From the foregoing, one can appreciate that an important benefit of the invention is that the machining operation can be made to the essentially automatic, without reliance on operator skill for terminating the machining. Regardless of coating thickness non-uniformities or other unpredictable factors, the invention provides for laser beam termination at the proper time. The apparatus shown can be combined with known robotic and manipulating apparatus in a mass-production environment in any of various ways that would be obvious to those skilled in the art.
The laser 12 that we have used in our experiments is a Questek Model 2660 laser, which may be operated at a wavelengths of one hundred ninety-three or two hundred forth-eight nanometers. The optical fiber that was used is known as HCS optical fiber, commercially available from the Ensign-Bickford Optics Company, Avon, Connecticut. The beam was first formed by aperture 24 and then imaged through a 4:1 telescope formed by lenses 25. As a consequence, a one millimeter circular aperture formed a circular image of two hundred fifty microns on the optical fiber coating 15. With the laser 12 operated in the pulse mode at one pulse per second, the energy density at the coupler site was in the range of five to ten milli-Joules per square millimeter. The optical fiber core 18 was one millimeter in diameter, the cladding 15 was ten to fifteen microns thick, and buffer layer 19 was two hundred microns thick. The optical fiber core was of glass and the cladding 15 was of a polymeric material. Approximately forty to eighty pulses were required under these circumstances to produce circular holes with diameters of two hundred fifty to six hundred twenty-five microns and elliptical openings of six hundred fifty by three hundred fifty microns. The junction medium was inserted through opening 21 with an opening 34 being used to expel air during the insertion of the coupling medium.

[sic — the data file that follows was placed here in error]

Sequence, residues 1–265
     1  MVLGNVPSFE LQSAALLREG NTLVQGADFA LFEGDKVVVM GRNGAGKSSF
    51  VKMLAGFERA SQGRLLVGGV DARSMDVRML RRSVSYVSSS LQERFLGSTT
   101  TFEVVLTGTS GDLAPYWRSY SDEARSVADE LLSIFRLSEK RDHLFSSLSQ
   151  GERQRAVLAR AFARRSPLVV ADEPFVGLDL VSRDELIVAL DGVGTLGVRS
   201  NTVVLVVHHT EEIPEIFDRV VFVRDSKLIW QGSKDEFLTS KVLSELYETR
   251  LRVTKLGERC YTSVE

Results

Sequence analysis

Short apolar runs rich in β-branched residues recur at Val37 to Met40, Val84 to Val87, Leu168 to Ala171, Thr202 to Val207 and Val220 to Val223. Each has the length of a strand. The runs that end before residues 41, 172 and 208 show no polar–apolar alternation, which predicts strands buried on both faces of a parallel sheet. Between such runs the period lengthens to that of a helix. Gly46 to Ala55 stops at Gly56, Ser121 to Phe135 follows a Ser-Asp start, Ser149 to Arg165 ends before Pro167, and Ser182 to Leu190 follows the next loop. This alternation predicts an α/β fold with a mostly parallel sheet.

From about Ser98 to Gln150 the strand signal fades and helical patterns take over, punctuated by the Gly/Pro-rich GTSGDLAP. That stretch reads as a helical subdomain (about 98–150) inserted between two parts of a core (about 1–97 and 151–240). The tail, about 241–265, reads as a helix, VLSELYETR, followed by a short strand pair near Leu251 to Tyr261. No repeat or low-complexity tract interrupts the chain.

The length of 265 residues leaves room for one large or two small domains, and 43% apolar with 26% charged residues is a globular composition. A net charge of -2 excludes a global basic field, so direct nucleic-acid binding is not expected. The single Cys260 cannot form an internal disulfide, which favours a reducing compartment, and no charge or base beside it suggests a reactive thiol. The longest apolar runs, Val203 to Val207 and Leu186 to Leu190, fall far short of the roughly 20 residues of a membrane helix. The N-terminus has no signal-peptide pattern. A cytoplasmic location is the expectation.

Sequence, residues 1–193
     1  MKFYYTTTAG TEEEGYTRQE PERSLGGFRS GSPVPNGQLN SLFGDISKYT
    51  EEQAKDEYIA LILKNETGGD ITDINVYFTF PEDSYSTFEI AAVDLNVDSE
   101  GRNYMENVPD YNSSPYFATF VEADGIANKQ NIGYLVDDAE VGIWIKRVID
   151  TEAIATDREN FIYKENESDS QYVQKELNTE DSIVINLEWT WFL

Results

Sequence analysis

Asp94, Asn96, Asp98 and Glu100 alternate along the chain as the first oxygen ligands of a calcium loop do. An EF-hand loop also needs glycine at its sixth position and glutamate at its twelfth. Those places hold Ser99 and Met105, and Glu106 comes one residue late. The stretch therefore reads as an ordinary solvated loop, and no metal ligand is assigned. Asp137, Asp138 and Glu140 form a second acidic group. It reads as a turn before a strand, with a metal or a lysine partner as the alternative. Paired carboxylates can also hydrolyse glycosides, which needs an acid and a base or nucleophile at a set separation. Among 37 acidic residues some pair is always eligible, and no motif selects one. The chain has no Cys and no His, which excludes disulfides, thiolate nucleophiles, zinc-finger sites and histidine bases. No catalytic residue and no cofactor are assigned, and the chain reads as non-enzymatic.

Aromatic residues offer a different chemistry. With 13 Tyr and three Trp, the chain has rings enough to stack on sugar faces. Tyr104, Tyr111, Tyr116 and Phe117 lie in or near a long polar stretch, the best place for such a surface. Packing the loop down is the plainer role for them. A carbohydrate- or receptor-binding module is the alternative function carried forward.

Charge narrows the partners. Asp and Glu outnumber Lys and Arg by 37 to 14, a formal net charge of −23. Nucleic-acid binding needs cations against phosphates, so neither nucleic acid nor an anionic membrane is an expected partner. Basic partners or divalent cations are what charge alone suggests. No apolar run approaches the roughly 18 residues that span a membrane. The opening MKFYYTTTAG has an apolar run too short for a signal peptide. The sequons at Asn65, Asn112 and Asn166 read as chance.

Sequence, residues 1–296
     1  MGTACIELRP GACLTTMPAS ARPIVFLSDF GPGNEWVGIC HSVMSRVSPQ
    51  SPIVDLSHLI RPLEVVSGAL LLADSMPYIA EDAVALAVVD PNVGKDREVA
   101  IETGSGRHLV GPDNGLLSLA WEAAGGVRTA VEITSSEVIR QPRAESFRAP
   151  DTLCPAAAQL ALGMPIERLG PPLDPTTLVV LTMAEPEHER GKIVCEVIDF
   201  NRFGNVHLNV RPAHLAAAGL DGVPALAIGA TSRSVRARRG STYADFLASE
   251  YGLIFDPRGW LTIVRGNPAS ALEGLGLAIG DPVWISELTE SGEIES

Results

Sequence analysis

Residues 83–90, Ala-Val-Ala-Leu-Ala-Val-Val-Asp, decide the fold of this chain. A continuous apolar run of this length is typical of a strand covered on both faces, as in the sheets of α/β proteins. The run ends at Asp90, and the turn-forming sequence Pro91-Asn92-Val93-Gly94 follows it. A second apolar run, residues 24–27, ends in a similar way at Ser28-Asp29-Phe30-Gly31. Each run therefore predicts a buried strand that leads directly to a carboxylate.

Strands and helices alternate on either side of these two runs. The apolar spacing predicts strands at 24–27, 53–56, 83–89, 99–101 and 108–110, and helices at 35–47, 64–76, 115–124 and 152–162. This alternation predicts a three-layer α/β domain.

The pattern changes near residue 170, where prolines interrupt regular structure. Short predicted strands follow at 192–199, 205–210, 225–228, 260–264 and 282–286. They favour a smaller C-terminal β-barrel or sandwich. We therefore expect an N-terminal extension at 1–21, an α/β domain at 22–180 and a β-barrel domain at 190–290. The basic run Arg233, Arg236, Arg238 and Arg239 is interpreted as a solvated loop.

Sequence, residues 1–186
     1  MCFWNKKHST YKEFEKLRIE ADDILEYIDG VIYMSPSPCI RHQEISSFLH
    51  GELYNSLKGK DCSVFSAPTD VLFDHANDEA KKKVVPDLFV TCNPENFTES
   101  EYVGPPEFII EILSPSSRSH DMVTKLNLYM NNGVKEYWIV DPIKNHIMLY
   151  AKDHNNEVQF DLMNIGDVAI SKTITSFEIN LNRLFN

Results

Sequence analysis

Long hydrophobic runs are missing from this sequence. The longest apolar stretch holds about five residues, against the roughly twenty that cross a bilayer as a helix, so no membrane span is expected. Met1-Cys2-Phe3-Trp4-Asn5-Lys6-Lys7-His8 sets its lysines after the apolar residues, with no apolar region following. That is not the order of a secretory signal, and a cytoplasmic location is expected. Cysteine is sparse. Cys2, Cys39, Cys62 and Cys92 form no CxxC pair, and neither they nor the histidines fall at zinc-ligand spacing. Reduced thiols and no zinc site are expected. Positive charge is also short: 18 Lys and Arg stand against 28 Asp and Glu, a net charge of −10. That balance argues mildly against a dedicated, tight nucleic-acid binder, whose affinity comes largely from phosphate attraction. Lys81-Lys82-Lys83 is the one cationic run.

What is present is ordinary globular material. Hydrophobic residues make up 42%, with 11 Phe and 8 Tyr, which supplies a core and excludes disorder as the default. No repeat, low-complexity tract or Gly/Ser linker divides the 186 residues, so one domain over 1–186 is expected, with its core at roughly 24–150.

It is to be understood that the embodiment described is intended to be merely illustrative. Other lasers such as the carbon dioxide laser could be used for the laser machining or laser ablation, and it is possible that sources of light other than lasers could be used. Other fiber shapes in addition to cylindrical ones may be used. Laser machining on the flat surfaces of square or rectangular cross-section fibers may be particularly advantageous because of the uniformity of ultraviolet radiation striking the surface. Various other embodiments may be made by those skilled in the art without departing from the spirit and scope of the invention.
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|U.S. Classification||219/121.68, 385/15, 219/121.69, 385/123|
|International Classification||G02B6/28, G02B6/24, B23K26/12, G02B6/36, G02B6/245, B23K26/03, B23K26/40|
|Cooperative Classification||B23K2203/50, B23K2203/42, B23K26/127, B23K26/032, G02B6/245, B23K26/12, G02B6/2852, B23K26/03|
|European Classification||B23K26/03B, B23K26/40B7H, B23K26/03, G02B6/28B10, B23K26/12, G02B6/245|
|Nov 19, 1990||AS||Assignment|
Owner name: AMERICAN TELEPHONE AND TELEGRAPH COMPANY, 550 MADI
Free format text: ASSIGNMENT OF ASSIGNORS INTEREST.;ASSIGNORS:COYLE, RICHARD J. JR.;GRIMES, GARY J.;SERAFINO, ANTHONYJ.;REEL/FRAME:005526/0355;SIGNING DATES FROM 19901108 TO 19901113
|Mar 8, 1994||CC||Certificate of correction|
|Jul 31, 1995||FPAY||Fee payment|
Year of fee payment: 4
|Aug 30, 1999||FPAY||Fee payment|
Year of fee payment: 8
|Aug 13, 2001||AS||Assignment|
Owner name: LUCENT TECHNOLOGIES INC., NEW JERSEY
Free format text: ASSIGNMENT OF ASSIGNORS INTEREST;ASSIGNOR:AT&T CORP.;REEL/FRAME:012059/0893
Effective date: 19960329
|May 17, 2002||AS||Assignment|
Owner name: FITEL USA CORPORATION, GEORGIA
Free format text: ASSIGNMENT OF ASSIGNORS INTEREST;ASSIGNOR:LUCENT TECHNOLOGIES;REEL/FRAME:012946/0578
Effective date: 20011116
|Oct 15, 2003||REMI||Maintenance fee reminder mailed|
|Mar 31, 2004||LAPS||Lapse for failure to pay maintenance fees|
|May 25, 2004||FP||Expired due to failure to pay maintenance fee|
Effective date: 20040331